Please click on the link for our Customer Education Packet which helps explain the restoration process. Reading this packet will give you a better understanding of what to expect during the process. We strongly encourage you to review this packet and discuss any questions you may have with our team.
Each insurance policy has different coverages. Your specific policy will determine what coverage you have and thus how much, if any, it may cost you out of pocket. Assuming the loss is covered it should only cost you the deductible stipulated by your policy to restore you home to its pre-loss condition.
If you want to begin funding the job “out of pocket” work can begin soon after mitigation has been completed. Most insureds and our recommendation is to wait for the insurance funds to become available and avoid being “out of pocket”. Please refer to the “Typical Claim Timeline” to see how long it typically takes for insurance funds to be available.
This depends on the severity of the damage and the scope to be performed. For example, a $10,000 claim that involves a bathroom could take 5 weeks to complete, but a $10,000 claim that only involves drywall repair and painting could take 2 weeks to complete. Every job has a different scope of work and a unique timeline for completion once the work begins.
Your loss will likely need finish items such as paint colors, flooring choices, electrical or plumbing fixtures or cabinets. Each selection will have a lead time (this is how long it takes to get the item so it can be installed) that needs to be factored into the work process. It may take weeks to procure some items depending on availability and their location. If these items are not selected in a timely fashion it will delay the project. We like to have these selections made before the project even begins to help make the actual work part of the project proceed as quickly as possible. (please see attached sample “Finish Selections” worksheet on page 11)
This is an amount the insured is responsible for if a claim is filed when damage occurs. Typical deductibles could be $500, $1,000, $2,500 or $5,000. Some policies also have wind or hail deductibles as well. You can find this information on your policies declaration page. Your adjuster will determine what applies to your claim.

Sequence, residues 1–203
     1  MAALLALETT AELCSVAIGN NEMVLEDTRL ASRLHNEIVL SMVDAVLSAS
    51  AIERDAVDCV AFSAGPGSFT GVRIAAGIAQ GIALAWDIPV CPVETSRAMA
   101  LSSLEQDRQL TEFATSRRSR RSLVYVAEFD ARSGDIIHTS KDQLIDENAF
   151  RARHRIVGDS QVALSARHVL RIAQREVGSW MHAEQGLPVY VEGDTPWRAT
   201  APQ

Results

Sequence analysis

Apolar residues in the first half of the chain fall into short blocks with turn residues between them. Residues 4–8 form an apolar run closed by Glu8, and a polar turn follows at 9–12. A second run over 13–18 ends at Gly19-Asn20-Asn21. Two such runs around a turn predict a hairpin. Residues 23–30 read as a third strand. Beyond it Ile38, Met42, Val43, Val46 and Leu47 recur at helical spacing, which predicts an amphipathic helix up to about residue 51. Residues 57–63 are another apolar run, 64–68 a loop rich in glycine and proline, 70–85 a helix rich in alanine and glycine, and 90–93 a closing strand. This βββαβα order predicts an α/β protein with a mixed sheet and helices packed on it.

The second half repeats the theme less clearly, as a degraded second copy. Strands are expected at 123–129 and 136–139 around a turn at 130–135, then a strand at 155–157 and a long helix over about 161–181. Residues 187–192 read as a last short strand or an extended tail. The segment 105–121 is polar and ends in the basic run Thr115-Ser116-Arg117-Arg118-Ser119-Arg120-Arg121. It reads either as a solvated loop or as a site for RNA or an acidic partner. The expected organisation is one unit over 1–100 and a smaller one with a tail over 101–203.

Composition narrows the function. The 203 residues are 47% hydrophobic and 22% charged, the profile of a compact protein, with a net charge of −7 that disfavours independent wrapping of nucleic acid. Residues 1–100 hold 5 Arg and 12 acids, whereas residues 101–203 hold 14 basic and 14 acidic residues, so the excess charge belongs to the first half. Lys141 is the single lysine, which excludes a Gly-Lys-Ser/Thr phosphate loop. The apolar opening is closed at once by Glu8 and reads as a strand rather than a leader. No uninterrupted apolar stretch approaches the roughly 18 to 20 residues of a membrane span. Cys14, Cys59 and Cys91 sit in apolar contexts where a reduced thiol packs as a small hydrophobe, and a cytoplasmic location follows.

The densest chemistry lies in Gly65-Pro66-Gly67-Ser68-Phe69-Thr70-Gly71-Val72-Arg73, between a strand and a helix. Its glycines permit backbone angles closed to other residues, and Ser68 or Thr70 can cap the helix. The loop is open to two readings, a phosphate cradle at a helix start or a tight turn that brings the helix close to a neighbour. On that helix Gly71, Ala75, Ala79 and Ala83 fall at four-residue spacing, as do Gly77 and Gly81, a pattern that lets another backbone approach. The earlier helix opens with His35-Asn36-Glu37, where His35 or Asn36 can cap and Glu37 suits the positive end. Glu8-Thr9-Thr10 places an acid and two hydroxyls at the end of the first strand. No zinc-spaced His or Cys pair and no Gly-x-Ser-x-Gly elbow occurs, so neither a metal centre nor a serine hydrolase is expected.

The adjuster assigned by the insurance carrier is responsible for reviewing the damage and assessing how much you should be paid to be able to be able to repair the damage. You adjuster will be able to interpret any questions you may have about what your policy covers and why.
This is the company that holds your insurance policy and makes claim payments. Your carrier is not the same as your insurance agent.
This is an amount of money withheld by the carrier to ensure your repairs are made and ensure it cost the insured the full amount to repair the property.
Here is an example:
- Actual estimated amount of the claim $10,000
- Customer Deductible -$1,000
- Recoverable Depreciation Withheld -$2,000
- Actual Cash Value payment made to insured $7,000
In this example for a $10,000 claim, the insured would receive a check for $7,000 to repair the property. Once the work is completed and the total cost of the repair has been incurred, the insured can file with their carrier for the recoverable depreciation. In this example the recoverable depreciation payment would be $2,000 to the insured once the work was complete.